The journalism market in the United States is more diverse than ever before, with a wide array of independent newsgatherers complementing the work of institutional news organizations. But regardless of where journalists practice, it is essential to their mission that they have access to information about the activities of government and private organizations. In many cases, laws that grant the public rights of access to government (such as open meetings laws, freedom of information acts, and constitutional rights of access to judicial proceedings) also guarantee that members of the media can obtain information they need.
But when journalists need access to government or private spaces beyond what is allowed to the public at large, they must obtain special permission. This frequently takes the form of a media credential, an official document or statement from an organization that the journalist is permitted to be somewhere or engage in particular activity, regardless of rules applicable to the rest of the public. The issuance of credentials is, however, far less uniformly regulated than other interactions between press and government. Diverse standards imposed by federal, state, local, and private organizations have led to confusion over who should receive media credentials in different contexts, and raised questions about the definitions of journalism used by these organizations.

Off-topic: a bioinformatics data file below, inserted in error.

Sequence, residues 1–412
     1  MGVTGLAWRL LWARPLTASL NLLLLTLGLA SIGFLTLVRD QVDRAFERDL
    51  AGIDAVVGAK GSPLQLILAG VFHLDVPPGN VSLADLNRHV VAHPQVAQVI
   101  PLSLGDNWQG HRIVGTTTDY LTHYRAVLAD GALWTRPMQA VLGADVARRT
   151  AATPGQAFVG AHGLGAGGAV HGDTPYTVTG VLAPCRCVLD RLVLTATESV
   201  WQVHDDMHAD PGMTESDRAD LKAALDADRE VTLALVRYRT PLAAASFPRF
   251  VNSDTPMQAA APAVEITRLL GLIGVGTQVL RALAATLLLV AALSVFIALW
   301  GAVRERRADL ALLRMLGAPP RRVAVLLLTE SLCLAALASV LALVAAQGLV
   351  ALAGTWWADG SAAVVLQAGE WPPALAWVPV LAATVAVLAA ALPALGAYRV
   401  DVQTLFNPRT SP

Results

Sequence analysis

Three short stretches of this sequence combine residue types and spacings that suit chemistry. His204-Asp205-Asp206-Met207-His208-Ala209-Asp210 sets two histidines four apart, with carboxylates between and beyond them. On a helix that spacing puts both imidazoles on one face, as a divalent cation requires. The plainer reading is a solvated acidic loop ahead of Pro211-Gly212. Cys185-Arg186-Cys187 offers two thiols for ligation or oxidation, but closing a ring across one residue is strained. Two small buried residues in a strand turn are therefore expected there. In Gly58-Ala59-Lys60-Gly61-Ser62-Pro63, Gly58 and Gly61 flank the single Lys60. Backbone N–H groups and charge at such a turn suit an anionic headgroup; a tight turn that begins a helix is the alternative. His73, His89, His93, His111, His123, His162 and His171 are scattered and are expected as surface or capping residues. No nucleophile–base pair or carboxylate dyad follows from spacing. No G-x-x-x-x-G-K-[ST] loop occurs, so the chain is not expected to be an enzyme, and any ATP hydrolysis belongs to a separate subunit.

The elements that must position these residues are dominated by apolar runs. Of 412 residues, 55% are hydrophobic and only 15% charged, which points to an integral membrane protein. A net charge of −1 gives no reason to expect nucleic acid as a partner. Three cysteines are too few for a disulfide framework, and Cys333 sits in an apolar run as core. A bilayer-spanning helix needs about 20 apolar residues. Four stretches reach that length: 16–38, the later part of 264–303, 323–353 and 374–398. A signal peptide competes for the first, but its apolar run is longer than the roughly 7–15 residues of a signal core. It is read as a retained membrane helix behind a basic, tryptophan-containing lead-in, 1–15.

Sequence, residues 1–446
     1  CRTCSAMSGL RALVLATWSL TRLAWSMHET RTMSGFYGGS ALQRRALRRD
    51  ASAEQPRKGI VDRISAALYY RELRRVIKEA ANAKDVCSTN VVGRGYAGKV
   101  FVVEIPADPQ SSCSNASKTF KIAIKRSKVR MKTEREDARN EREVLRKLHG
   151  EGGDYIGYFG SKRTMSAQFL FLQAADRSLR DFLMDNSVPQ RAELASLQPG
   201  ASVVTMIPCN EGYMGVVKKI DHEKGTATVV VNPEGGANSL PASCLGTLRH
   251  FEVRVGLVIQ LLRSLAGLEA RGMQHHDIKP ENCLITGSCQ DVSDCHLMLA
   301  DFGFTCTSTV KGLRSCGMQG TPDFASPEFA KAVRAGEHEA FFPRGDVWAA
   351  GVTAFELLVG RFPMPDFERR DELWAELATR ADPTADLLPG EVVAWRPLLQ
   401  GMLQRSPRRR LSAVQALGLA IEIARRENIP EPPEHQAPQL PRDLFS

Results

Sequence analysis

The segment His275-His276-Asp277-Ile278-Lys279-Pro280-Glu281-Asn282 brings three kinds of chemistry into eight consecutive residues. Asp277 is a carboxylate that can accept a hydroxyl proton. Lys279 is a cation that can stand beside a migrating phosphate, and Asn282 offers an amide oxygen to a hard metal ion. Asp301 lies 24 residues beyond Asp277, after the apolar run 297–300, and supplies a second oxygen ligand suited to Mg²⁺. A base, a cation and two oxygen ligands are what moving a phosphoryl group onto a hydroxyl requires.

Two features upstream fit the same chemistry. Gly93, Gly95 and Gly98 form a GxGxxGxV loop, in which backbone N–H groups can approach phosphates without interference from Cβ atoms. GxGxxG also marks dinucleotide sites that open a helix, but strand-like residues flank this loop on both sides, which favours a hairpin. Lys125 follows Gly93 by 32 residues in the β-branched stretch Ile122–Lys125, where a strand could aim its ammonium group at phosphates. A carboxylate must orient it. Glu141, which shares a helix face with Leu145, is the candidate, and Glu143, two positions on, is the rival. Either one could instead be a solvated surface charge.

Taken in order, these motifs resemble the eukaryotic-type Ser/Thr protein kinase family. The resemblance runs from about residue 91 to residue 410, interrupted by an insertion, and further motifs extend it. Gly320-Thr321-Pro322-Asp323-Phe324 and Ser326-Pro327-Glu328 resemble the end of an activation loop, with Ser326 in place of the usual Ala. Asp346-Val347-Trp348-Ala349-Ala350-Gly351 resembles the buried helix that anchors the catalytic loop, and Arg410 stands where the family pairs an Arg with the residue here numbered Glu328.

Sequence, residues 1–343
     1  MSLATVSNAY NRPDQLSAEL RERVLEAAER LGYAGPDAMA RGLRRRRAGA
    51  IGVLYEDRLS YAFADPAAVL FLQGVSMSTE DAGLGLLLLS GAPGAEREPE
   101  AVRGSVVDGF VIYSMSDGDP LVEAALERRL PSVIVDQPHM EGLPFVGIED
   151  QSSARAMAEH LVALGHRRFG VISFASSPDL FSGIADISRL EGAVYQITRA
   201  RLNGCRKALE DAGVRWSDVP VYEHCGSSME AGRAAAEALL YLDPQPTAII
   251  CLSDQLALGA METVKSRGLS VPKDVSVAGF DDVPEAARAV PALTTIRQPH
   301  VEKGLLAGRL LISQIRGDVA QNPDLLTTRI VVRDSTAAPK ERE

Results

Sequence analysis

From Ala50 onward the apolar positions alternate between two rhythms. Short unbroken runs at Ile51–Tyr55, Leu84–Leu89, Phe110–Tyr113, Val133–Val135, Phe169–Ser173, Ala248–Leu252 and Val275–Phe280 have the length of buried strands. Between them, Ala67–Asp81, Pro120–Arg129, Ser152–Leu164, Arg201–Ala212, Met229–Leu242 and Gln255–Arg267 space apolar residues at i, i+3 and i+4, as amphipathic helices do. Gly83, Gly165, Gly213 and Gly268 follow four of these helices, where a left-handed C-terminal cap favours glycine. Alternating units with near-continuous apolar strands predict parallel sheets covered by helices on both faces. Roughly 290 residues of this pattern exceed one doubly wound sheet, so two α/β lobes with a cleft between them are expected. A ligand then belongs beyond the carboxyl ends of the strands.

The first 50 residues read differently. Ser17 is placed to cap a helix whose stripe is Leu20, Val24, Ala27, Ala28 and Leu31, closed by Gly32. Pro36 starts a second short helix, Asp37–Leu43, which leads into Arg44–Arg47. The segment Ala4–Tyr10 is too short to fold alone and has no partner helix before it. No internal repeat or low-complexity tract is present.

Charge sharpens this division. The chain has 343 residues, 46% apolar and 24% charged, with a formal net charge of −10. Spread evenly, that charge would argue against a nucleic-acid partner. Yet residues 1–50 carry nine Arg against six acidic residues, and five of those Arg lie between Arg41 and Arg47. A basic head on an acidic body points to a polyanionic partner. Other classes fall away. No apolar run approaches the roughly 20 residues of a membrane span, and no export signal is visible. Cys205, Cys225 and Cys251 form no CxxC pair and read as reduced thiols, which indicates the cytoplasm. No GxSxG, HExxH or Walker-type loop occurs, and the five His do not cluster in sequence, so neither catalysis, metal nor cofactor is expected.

This study, the first of its kind to perform a quantitative examination of media credentialing in the United States, surveys the experience of journalists throughout the country in their efforts to obtain media credentials from different types of credentialing organizations from 2008 to 2013. The survey results show that one out of every five respondents who applied for a credential was denied by a credentialing organization at least once. Moreover, certain categories of applicants are more likely to be denied than others: freelance journalists were significantly less likely to receive media credentials than employed journalists; photographers were more likely to be denied than non-photographers; and respondents who identified themselves as activists were more likely to be denied than those respondents who did not.